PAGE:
R Learning Path: From beginner to expert in R in 7 steps

This learning path is mainly for novice R users that are just getting started but it will also cover some of the latest changes in the language that might appeal to more advanced R users.

Step 3: The core of R -> packages


Every R package is simply a bundle of code that serves a specific purpose and is designed to be reusable by other developers. In addition to the primary codebase, packages often include data, documentation, and tests. As an R user, you can simply download a particular package (some are even pre-installed) and start using its functionalities. Everyone can develop R packages, and everyone can share their R packages with others.


The above is an extremely powerful concept and one of the key reasons R is so successful as a language and as a community. Namely, you don’t need to do all the hard core programming yourself or understand every complex detail of a particular algorithm or visualization. You can simple use the out-of-the box functions that come with the relevant package as an interface to such functionalities.  As such it is useful to have an understanding of R’s package ecosystem.


Many R packages are available from the Comprehensive R Archive Network, and you can install them using the install.packages function. What is great about CRAN is that it associates packages with a particular task via Task Views. Alternatively, you can find R packages on bioconductor, github and bitbucket.


Looking for a particular package and corresponding documentation? Try Rdocumentation, where you can easily search packages from CRAN, github and bioconductor.

Step 4: Help?!

You will quickly find out that for every R question you solve, five new ones will pop-up. Luckily, there are many ways to get help:

  • Within R you can make use of its built-in help system. For example the command  `?plot` will provide you with the documentation on the plot function.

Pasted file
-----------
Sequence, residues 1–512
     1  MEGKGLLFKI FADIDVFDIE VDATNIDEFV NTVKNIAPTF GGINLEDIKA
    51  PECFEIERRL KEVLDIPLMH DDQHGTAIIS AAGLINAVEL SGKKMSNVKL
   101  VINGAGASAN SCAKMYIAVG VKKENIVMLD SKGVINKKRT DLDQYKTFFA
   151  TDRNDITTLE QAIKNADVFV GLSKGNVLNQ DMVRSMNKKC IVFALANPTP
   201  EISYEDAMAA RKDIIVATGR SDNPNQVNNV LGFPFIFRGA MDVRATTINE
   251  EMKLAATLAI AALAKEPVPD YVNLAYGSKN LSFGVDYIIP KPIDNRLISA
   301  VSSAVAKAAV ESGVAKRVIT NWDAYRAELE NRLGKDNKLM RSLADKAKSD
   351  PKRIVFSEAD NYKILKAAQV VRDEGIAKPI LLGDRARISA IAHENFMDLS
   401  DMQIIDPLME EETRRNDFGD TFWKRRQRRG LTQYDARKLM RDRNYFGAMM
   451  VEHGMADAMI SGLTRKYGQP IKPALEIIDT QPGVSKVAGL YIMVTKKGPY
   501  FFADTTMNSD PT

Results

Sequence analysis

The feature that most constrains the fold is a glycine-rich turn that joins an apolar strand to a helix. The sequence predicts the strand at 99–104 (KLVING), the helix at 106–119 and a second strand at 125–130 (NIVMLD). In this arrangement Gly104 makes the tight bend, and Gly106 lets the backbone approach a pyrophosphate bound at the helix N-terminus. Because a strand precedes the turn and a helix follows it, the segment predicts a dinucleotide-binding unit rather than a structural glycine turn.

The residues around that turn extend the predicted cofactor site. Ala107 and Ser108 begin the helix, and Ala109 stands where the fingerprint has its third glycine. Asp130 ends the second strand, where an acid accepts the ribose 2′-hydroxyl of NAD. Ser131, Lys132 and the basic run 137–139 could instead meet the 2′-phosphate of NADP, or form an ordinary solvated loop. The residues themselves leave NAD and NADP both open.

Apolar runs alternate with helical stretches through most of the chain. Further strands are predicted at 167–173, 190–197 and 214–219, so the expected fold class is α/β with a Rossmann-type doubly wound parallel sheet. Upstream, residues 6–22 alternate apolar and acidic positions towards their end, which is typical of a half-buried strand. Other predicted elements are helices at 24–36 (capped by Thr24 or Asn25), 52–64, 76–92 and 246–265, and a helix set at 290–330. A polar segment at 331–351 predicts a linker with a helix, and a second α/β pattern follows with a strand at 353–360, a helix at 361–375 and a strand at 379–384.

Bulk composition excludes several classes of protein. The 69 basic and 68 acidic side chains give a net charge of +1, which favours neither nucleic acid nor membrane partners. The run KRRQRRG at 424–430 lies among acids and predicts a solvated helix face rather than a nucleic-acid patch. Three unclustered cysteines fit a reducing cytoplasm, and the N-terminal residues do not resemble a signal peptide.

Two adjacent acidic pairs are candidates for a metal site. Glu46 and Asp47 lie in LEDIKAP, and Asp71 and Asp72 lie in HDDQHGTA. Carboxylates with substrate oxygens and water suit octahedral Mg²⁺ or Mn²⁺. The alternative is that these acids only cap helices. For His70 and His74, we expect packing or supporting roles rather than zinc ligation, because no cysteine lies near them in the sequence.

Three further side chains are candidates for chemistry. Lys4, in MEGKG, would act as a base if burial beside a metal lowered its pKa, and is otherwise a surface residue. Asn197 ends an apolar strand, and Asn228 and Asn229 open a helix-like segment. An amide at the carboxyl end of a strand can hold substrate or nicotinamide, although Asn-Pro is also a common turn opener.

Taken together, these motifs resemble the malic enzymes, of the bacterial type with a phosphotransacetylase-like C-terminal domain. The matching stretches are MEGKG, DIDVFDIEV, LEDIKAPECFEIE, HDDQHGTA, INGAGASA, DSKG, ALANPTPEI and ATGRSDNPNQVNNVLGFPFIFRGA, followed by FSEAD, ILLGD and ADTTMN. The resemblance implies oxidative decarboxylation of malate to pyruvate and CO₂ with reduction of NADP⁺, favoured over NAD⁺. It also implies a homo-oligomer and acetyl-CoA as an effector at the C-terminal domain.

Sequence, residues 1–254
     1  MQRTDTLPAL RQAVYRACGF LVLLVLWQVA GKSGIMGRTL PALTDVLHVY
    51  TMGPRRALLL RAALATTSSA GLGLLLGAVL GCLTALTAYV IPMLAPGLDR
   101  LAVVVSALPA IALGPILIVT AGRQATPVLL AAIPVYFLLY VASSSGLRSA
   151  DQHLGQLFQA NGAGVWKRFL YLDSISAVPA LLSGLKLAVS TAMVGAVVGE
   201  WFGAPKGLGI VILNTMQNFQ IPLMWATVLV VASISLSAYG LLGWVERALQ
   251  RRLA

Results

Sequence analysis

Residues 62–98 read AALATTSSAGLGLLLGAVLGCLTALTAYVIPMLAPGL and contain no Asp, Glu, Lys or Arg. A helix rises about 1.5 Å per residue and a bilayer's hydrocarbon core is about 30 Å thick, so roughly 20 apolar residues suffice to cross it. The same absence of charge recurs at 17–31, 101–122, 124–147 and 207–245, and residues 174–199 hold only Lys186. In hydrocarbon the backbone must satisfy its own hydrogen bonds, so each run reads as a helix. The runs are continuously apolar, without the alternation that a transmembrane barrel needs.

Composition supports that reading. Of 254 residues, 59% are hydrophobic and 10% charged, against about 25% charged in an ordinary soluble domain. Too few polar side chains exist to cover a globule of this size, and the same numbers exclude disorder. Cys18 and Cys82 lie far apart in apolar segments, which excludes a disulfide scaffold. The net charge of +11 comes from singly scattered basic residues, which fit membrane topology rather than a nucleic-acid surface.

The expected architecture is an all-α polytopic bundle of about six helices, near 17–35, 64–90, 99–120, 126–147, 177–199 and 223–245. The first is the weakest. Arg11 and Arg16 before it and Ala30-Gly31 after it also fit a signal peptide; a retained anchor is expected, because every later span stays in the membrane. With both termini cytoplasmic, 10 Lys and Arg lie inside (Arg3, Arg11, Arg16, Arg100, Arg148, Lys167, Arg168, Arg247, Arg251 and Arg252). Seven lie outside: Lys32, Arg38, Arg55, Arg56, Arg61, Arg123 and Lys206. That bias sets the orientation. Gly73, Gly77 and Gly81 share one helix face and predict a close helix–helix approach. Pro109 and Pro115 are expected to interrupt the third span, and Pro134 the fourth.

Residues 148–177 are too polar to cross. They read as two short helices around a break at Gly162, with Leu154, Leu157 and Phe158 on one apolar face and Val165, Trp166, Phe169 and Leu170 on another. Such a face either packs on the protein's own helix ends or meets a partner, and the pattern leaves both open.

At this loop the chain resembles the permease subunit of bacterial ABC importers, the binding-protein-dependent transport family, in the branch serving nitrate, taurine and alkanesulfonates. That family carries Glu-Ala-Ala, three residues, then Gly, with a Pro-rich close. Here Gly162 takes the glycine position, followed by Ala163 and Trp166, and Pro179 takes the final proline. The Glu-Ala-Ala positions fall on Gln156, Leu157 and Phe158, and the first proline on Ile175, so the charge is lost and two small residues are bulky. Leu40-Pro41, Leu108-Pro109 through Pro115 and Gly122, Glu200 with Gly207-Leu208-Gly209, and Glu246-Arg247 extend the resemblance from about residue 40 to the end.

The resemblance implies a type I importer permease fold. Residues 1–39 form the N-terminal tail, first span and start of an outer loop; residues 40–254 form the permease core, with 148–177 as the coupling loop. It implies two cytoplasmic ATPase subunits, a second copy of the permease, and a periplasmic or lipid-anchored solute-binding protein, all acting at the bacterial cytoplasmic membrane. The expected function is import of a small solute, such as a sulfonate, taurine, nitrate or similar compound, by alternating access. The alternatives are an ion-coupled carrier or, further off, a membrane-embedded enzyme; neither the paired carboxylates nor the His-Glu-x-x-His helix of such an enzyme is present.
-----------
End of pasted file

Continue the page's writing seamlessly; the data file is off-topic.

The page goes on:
• R puts a big emphasis on documentation. The previously mentioned Rdocumentation is a great website to look at the different documentation of different packages and functions.
  • Stack Overflow is a great resource for seeking answers on common R questions or to ask questions yourself.
  • There are numerous blogs & posts on the web covering R such as KDnuggets and R-bloggers.

Step 5: The Data Analysis Workflow

Once you have an understanding of R’s syntax, the package ecosystem, and how to get help, it’s time to focus on how R can be useful for the most common tasks in the data analysis workflow

5.1 Importing Data


Before you can start performing analysis, you first need to get your data into R. The good thing is that you can import into R all sorts of data formats, the hard part this is that different types often need a different approach:



If you want to learn more on how to import data into R check an online Importing Data into R tutorial or  this post on data importing.

5.2 Data Manipulation


Performing data manipulation with R is a broad topic as you can see in for example this Data Wrangling with R video by RStudio or the book Data Manipulation with R. This is a list of packages in R that you should master when performing data manipulations:


  • The tidyr package for tidying your data.
  • The stringr package for string manipulation.
  • When working with data frame like objects it is best to make yourself familiar with the dplyr package (try this course). However. in case of heavy data wrangling tasks, it makes more sense to check out the blazingly fast data.table package (see this syntax cheatsheet for help).
  • When working with times and dates install the lubridate package which makes it a bit easier to work with these.
  • Packages like zoo, xts and quantmod offer great support for time series analysis in R.